WINE O’CLOCK: Fine dining in your own kitchen
When I eat in a restaurant with a good wine list (a fading memory, alas) I like to drink it by the glass, letting me try more of the range: a crisp white with the starter, a smooth red with the main course and a nice dessert wine with some cheese to finish things off.
It’s an expensive little pleasure because restaurants impose a heft mark-up on wine. But I don’t begrudge it. It’s how they make a profit in a very precarious business – and now that profit has gone. Even some of the poshest restaurants are doing takeaways now but nobody orders wine with them.
I fear some restaurants will not re-open when this crisis is over. I will certainly try to support those that do.
In the meantime, in recollection of the rare old times, I offer this sample wine menu, from aperitif to afters. You can get all these wines at the good off-licences that are still open or order them online. Most shops will insist on a minimum order for delivery.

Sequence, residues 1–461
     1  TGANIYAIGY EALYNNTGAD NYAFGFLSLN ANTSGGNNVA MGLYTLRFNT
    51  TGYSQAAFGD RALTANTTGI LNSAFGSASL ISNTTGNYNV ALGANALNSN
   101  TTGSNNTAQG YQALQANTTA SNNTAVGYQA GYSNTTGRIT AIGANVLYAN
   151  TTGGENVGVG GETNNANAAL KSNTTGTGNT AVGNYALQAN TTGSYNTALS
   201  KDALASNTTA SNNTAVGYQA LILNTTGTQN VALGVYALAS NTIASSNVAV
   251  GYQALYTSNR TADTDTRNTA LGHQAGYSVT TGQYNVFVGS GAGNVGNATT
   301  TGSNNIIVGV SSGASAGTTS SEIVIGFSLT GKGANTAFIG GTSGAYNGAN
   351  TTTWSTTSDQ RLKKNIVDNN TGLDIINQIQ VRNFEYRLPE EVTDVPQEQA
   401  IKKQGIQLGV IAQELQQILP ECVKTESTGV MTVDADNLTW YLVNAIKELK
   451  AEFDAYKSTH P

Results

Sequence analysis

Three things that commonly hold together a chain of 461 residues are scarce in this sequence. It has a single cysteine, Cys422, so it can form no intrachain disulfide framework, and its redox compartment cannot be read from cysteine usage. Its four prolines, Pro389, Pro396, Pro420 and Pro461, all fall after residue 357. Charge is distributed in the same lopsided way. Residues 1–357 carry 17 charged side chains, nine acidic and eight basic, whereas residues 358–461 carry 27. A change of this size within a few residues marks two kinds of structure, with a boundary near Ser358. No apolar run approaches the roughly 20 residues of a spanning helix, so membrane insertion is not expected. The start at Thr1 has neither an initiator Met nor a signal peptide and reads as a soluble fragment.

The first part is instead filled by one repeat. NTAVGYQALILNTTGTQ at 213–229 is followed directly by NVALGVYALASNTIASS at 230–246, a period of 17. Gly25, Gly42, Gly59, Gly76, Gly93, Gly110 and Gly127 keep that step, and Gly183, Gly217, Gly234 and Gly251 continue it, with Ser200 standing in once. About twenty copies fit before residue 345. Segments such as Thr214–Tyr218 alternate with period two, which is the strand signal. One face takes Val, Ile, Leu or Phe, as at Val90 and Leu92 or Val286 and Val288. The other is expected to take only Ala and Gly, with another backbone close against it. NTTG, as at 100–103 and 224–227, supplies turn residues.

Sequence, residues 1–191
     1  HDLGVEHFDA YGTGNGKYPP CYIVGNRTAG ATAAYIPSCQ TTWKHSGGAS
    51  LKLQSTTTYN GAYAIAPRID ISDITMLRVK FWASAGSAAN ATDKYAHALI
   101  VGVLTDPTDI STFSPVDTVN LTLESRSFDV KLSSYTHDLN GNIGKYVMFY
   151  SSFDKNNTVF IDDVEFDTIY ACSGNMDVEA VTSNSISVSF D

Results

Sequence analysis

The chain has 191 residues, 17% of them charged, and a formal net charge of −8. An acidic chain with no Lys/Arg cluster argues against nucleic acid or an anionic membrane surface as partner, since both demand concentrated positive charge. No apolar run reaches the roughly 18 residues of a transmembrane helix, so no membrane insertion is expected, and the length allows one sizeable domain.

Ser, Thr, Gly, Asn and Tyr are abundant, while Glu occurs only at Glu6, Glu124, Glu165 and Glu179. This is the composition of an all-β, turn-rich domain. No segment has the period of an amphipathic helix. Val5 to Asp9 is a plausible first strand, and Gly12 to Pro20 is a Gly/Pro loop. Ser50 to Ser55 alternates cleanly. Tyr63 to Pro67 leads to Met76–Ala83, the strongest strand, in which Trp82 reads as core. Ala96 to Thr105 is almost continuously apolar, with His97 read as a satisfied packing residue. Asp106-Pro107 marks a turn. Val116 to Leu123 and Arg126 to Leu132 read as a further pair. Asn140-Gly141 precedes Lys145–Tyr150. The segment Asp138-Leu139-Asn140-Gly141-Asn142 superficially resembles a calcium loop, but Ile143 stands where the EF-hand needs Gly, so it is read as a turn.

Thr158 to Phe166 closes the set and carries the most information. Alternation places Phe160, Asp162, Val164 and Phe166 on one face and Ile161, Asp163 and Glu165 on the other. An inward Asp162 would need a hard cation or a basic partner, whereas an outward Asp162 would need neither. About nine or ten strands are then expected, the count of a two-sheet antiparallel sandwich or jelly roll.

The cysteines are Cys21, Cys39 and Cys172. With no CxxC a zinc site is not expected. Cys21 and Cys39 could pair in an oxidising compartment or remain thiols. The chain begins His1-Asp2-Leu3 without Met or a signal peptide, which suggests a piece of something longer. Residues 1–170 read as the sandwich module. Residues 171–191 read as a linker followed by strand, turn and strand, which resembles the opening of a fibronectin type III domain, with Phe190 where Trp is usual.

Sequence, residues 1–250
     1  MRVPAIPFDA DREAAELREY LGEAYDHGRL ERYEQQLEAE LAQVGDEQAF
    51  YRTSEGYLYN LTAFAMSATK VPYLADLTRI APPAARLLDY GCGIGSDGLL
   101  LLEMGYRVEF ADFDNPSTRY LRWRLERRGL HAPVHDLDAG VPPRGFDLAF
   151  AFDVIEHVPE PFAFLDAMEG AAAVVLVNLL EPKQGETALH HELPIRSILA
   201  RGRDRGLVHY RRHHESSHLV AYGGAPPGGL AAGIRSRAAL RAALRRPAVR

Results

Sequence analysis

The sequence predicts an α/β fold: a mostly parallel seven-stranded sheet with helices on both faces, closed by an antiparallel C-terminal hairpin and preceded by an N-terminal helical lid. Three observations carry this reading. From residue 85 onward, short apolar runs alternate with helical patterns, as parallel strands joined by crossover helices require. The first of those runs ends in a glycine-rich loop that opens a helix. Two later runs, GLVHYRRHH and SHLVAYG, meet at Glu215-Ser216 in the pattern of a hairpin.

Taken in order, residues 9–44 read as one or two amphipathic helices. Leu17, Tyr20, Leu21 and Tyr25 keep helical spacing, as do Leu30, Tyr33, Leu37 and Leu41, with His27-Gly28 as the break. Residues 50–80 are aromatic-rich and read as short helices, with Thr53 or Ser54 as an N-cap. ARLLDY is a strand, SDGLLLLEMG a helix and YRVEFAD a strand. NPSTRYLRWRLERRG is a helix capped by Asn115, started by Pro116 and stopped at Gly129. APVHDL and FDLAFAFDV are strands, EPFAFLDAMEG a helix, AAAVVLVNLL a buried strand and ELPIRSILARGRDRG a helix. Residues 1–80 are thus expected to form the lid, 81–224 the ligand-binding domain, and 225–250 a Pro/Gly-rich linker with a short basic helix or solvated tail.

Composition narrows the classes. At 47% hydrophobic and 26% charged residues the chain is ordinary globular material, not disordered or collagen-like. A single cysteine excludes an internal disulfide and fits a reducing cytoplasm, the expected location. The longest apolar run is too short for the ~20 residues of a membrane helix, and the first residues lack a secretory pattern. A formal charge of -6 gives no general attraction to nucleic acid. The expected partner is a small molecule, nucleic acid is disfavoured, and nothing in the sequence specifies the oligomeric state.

Cremant de Bourgogne Simmonnet-Febvre (€24.99 Worldwide Wines, Waterford)
In France, sparkling wines that are not champagne are referred to as cremant, meaning ‘creamy’, as opposed to fizzy. In my opinion this one is as good as Champagne at half the price, the only obvious difference being a distinct citrus tang. A great aperitif.
Villa Maria Clifford Bay Reserve Sauvignon Blanc, Marlborough (€23.99 La Touce Wines, Greystones)
New Zealand produces some lovely Sauvignon Blanc and this is one of the best. All sorts of interesting flavours here: gooseberry, grapefruit, with a slightly sweet after-taste of melon, perhaps. It won’t overpower a shellfish starter or a light paté.
Chateaux Magnan La Gaffeliere Saint-Émilion Grand Cru 75cl (€24.95, The Wine Centre, Kilkenny)
The rich red colour suggests a robust wine but this is soft, subtle and good value for a grand cru. Merlot, Cabernet Sauvignon and Cabernet Franc are the grapes in this blend from Bordeaux. Good with steak but delicate enough to go with chicken or fish.
Rabl Trockenbernauslese Riesling (€48 for half bottle, O’Briens)
We don’t associate Austria with dessert wines although it is one of the big producers of Riesling which has the required natural sweetness. This one is intensely sweet, but balances the honey sweetness with a sharp, fruity tang. It’s expensive – but this is a wine for sipping, not slurping.